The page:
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jonbtepper I'm with you. RG
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Nostalgia revisited... l i f e is good mmmm!
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I think most, sadly, play ragtime too fast. Joplin himself cautioned about that.
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Love it!
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jonbtepper
I remember buying the Scott Joplin w/Joshua Rifkin album with I was in college in 1971, as recommended by my girlfriend. It was a real eye-opener. Learning Joplin's personal history makes the music all the more important, and poignant. WHen The Sting came out in 1974, I was jumping for joy...that Joplin's rags were reaching a huge new audience, as the music deserved.
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I remember when The Sting came out. Never saw the movie but I loved the music on the trailers for it, and I have been a Joplin fan ever since. He had an amazing level of talent.
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YOU SHOULD ERASE THE COMMENT ABOUT DYING TOMORROW ETC... I REALLY RESENT READING SOME A**HOLE TRYING TO SCARE PEOPLE LIKE THAT... JOHN REGIS
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☺�����������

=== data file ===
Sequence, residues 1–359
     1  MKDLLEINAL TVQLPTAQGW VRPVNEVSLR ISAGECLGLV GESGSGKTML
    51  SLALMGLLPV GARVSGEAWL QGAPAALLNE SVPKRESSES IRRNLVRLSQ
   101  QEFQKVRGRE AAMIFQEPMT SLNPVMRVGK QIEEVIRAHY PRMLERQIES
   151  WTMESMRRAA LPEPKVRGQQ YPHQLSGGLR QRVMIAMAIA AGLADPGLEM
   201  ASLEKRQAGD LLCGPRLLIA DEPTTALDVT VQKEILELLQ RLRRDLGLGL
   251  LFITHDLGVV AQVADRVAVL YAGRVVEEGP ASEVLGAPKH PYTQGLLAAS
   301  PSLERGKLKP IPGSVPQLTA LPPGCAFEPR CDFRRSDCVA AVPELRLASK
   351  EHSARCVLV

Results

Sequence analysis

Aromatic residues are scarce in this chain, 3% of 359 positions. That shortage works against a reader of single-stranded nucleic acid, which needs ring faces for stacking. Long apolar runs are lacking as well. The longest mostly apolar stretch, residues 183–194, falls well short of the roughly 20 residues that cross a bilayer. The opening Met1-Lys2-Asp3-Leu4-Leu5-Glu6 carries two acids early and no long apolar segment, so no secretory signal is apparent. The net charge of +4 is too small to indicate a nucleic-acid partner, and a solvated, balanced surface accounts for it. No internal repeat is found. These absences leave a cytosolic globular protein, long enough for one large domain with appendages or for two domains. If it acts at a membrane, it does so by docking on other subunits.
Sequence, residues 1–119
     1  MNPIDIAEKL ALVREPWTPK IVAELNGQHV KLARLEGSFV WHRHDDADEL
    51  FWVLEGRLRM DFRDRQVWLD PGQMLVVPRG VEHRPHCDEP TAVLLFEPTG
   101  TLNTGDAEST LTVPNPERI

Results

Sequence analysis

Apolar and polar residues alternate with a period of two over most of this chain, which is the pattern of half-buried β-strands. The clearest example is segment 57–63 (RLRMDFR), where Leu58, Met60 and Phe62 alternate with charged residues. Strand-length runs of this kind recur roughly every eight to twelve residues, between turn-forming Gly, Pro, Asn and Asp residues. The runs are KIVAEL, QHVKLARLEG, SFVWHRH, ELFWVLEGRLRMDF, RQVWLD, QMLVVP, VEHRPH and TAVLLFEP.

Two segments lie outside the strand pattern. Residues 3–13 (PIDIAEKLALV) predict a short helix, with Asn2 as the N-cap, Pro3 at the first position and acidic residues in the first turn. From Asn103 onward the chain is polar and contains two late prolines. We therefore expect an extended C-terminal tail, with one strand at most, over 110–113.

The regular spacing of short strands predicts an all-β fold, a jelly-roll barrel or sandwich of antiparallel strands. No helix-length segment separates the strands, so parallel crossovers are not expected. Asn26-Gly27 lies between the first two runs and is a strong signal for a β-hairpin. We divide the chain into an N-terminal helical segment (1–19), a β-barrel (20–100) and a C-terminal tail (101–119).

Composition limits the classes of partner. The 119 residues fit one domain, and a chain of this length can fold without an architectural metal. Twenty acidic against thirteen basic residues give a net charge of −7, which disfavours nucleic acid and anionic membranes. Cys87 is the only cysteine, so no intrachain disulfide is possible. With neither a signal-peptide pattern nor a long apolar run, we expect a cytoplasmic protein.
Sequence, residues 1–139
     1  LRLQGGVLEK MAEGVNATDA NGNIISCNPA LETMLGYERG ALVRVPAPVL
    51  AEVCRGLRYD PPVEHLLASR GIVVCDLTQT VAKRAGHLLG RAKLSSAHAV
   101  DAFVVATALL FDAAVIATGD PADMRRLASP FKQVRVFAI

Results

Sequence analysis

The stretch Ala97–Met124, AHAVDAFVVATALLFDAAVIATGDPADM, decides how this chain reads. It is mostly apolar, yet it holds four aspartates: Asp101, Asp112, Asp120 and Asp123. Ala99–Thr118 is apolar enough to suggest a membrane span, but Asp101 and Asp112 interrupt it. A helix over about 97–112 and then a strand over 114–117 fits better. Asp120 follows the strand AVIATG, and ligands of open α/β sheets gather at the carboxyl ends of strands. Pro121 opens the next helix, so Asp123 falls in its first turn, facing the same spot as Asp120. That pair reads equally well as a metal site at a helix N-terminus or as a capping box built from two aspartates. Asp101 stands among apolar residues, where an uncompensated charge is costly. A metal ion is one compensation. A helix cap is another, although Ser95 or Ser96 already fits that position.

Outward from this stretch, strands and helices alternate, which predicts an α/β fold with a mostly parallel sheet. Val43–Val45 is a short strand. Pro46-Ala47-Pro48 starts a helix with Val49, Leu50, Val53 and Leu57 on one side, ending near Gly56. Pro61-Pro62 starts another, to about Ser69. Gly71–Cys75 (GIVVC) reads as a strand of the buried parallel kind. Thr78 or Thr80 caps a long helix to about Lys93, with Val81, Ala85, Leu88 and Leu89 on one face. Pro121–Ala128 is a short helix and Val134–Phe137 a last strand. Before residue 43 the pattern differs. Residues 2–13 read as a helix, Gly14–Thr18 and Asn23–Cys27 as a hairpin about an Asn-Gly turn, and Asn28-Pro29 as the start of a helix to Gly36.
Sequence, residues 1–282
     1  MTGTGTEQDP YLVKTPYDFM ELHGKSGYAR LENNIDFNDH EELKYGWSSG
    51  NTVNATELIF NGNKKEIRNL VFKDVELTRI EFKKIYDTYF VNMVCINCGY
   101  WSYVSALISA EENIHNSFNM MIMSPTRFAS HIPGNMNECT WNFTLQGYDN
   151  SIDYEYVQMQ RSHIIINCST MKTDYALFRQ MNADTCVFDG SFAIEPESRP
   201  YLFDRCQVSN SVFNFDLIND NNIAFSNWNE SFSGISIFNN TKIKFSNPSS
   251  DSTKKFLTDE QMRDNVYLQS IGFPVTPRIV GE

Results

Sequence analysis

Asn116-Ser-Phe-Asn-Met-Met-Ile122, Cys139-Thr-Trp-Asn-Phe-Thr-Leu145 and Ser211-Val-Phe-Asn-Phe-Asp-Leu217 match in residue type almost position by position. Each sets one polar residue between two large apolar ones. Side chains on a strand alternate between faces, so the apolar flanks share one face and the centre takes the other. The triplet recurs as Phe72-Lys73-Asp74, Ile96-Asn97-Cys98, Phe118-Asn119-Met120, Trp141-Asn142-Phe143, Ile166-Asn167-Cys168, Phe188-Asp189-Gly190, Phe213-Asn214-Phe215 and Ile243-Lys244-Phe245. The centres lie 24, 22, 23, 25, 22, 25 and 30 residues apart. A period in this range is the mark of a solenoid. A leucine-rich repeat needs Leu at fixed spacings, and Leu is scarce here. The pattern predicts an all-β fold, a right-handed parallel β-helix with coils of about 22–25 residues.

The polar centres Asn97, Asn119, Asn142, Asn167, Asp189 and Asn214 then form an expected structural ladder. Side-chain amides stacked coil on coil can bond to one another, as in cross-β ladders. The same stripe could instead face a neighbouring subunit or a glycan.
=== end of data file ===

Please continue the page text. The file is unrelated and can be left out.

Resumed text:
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kendor1313
Google Joplin for a complete bio
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hjmunson
BIO!!!!!!!!! ! ! ! !
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listening to Freddie Mercury,then this
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hjmunson
I am going to play this!!!!
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Scott Joplin was played at my Grandpas funeral per his request. It was the best celebration of life I have ever been too and this happy music helped. Now I sit in my office and listen to it and think of Gramps.
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paulcbrock
I need a bio
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paulcbrock
I love his music
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I remember when The Sting came out in '74 (?). There was a huge resurgence of interest in ragtime music and Scott Joplin.
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It's the entertainer�
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Thanks, Bethanytraug e r 8 , 4 that fun fact. Texarkana has been blessed 2 be Scott Joplins birthplace,& yours 2!!! Peace~ :-)
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looking for the soundtrack the sting is it on here?
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Sorry for the following but:
Don't read this cause it actually works. You will be kissed on the nearest possible Friday by the love of your life.tomorro w w will be the best day of your life.however if you don't post this you will die in two days.now you've started reading so don't stop.this is so scary.put this on at least 5songs in 143 minutes.when done press f6 and your lovers name will come on screen in big letters. This is scary because it really works.
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Fun Fact: Scott Joplin was from my hometown, Texarkana, TX(or AR...)!!